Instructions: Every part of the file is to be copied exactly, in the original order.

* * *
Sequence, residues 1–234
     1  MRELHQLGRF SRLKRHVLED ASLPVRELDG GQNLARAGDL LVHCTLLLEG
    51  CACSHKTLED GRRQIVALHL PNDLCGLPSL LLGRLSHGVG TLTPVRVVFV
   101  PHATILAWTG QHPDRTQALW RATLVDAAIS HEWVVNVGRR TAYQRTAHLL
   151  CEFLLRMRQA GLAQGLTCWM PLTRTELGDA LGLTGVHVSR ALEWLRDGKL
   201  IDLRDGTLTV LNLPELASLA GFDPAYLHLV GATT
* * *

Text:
Sequence, residues 1–234
     1  MRELHQLGRF SRLKRHVLED ASLPVRELDG GQNLARAGDL LVHCTLLLEG
    51  CACSHKTLED GRRQIVALHL PNDLCGLPSL LLGRLSHGVG TLTPVRVVFV
   101  PHATILAWTG QHPDRTQALW RATLVDAAIS HEWVVNVGRR TAYQRTAHLL
   151  CEFLLRMRQA GLAQGLTCWM PLTRTELGDA LGLTGVHVSR ALEWLRDGKL
   201  IDLRDGTLTV LNLPELASLA GFDPAYLHLV GATT